By Carina Storrs
Special to CNN
(CNN) — Mia Gonzalez spent the first 3½ years of her life missing out. She had to skip day care and dance classes because she constantly had colds and pneumonia. When Mia could go out and play, she was easily winded and took multiple asthma medications to try to help her breathing.
After about 10 hospital stays, doctors realized that Mia had a malformation in her aorta, the vessel that pumps blood from the heart. The 4-year-old would need an operation to close off the part of her aorta that was putting pressure on her windpipe and making it hard to breathe, swallow and get rid of phlegm when she got a cold.
"We freaked out to go from thinking she had asthma to being told she needed to have open heart surgery," said Katherine Gonzalez, Mia’s mom.
But Mia’s malformation was complicated. The surgeons at Nicklaus Children’s Hospital in Miami, where Mia was treated, might have been apprehensive about the procedure were it not for a new technology: the 3-D printer.
No longer ‘inoperable’
Earlier this year, the hospital got a 3-D printer that makes exact replicas of organs that doctors can use to plan surgery, and even do practice operations. The printer uses images from patients’ MRI or CT scan images as a template and lays down layers of rubber or plastic.
Dr. Redmond Burke, director of pediatric cardiovascular surgery at Nicklaus Children’s Hospital, meditated on the model of Mia’s heart for a couple of weeks. He showed it to colleagues for their input and even carried it around in his gym bag for quick reference.
Burke finally had the "Aha!" insight. Instead of making an incision on the left side for this type of heart defect, called double aortic arch, he should cut into Mia’s chest from the right.
"Without the model, I would have been less certain about (operating on Mia) and that would have led me naturally to make a larger incision that could possibly cause more pain and a longer recovery time," Burke said.
Using the model, "there was no doubt, and surgeons hate doubt," he added.
He attributes the model with saving the team and patient about two hours in the operating room because he was able to have a clearer plan to do the surgery.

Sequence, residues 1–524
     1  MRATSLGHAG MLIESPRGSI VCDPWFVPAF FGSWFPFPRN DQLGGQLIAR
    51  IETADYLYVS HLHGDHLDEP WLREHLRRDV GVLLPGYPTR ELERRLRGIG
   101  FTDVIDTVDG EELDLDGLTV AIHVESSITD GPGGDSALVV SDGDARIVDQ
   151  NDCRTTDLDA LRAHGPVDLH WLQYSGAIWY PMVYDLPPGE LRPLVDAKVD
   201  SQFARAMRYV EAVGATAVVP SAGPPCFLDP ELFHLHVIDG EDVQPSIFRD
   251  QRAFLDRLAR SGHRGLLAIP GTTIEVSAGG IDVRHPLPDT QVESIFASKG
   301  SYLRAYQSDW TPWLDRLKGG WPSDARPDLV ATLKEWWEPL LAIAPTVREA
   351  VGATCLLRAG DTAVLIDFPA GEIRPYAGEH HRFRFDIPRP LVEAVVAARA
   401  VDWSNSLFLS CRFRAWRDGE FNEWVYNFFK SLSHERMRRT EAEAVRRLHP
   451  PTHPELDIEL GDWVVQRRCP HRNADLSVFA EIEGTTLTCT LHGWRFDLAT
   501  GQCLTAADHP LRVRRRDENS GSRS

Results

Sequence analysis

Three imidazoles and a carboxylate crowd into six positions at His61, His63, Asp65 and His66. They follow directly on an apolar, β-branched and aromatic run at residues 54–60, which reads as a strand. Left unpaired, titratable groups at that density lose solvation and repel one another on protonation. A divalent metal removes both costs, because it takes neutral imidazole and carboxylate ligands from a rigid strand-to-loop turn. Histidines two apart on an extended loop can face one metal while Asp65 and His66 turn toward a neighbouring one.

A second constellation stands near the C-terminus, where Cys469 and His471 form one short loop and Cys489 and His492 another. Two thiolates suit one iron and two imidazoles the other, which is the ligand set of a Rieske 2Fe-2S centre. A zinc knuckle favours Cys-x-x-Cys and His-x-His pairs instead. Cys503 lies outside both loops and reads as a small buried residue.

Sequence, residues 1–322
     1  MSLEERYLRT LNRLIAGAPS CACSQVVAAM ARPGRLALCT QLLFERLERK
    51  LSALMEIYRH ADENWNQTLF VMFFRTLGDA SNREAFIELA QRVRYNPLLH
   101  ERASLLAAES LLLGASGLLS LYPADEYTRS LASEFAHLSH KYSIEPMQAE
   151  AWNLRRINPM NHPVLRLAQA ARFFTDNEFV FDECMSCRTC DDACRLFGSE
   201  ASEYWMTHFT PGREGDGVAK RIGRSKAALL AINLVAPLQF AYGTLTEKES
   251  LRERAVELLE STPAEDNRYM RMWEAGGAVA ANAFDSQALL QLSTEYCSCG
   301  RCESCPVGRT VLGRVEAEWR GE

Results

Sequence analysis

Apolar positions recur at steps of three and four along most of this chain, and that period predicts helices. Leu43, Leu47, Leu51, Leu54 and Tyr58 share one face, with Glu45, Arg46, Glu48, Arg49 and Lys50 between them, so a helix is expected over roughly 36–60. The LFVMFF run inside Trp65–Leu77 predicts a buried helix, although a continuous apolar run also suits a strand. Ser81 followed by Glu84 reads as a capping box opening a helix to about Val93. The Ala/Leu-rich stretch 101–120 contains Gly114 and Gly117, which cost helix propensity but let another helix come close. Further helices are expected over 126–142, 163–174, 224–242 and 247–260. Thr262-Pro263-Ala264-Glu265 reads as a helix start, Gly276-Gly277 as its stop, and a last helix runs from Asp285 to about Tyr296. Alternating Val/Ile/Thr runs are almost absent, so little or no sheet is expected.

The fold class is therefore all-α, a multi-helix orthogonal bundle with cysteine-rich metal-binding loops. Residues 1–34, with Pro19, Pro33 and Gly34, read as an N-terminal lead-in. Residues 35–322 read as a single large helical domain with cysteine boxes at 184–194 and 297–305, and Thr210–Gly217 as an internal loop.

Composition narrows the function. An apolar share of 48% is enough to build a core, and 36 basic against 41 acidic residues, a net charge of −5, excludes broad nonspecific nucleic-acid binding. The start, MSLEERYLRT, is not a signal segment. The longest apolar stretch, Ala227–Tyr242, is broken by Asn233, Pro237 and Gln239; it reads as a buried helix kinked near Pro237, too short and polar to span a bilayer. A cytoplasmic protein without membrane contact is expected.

Burke and his colleagues have created models for about 25 young patients with congenital heart defects. In the past, they might not even have operated on some of these patients because the surgeries seemed too tricky, but "it’s very unlikely I will ever call someone inoperable (now) without holding a model in my hand," Burke said.
About 75 hospitals in the United States, and around 200 worldwide, have a printer such as the one used to make a model of Mia’s heart, said Scott Rader, general model of Stratasys, which sells the printers.
Although 3-D printers have been used clinically for the last 20 or 25 years to make prototypes for surgical tools and other uses, they only started churning out simulated organs in the last few years, Rader said.
Doctors have used the simulated organs to prepare for all kinds of tricky operations, such as surgery to remove a brain tumor or to correct a severe cleft palate, Rader said. Doctors can operate on them with regular surgical tools "again and again and again until you think of the optimal way to do surgery," Rader said.
‘The biggest secret that nobody knows about’
The models can also help train medical students and explain complicated procedures to patients such as Mia and her family.
Eventually, the printers could be used to produce actual organs that can be transplanted into patients; just replace the rubber and plastic printer "ink" with human cells.
"We are going to see massive advances in the next five to 10 years of how to take the technology to this point," Rader said.
Simulated organs are "a disruptive technology which radically changes how we talk to patients, how we prepare for an operation, how we do the operation and how we teach," said Dr. Daniel B. Jones, professor of surgery at Harvard Medical School and co-director of the Simulation and Skills Center at Beth Israel Deaconess Medical Center in Boston.
However, the technology is not widely in use in hospitals or medical schools yet.
"This is like the biggest secret that nobody knows about," said Jones, who has done research on surgeons’ impressions of using simulated organs. Even those who do know about the technology might feel uncomfortable showing patients a model of their tumor, for example, and discussing it with them in depth.
Hospitals are starting to invest in the technology, which is more realistic now that prices have come down, Jones said.
The printer and software usually cost in the range of $100,000, which is less than a CT scan or MRI setup, Rader said. He predicts that interest in the technology will continue to grow as research shows how using simulated organs leads to better surgical outcomes and shorter operating times.
The models have also been invaluable in helping patients and their families feel confident that they are doing the right thing, said Burke, who operated on Mia.
Seeing the model "made it seem like a simple surgery, it put you at ease," said Gonzalez, Mia’s mom. "(Mia) was used to hospitals and IVs, but to explain that you’re going to have surgery and be in pain, that is all different," and the model helped put it in perspective, she said.
Four months later, the surgery seems like ancient history to Mia. She has forgotten all about her surgical scar, her mother said, and had little pain. Although she has had some minor colds, none has landed her in the hospital. A month later, she was even able to participate in her dance recital.
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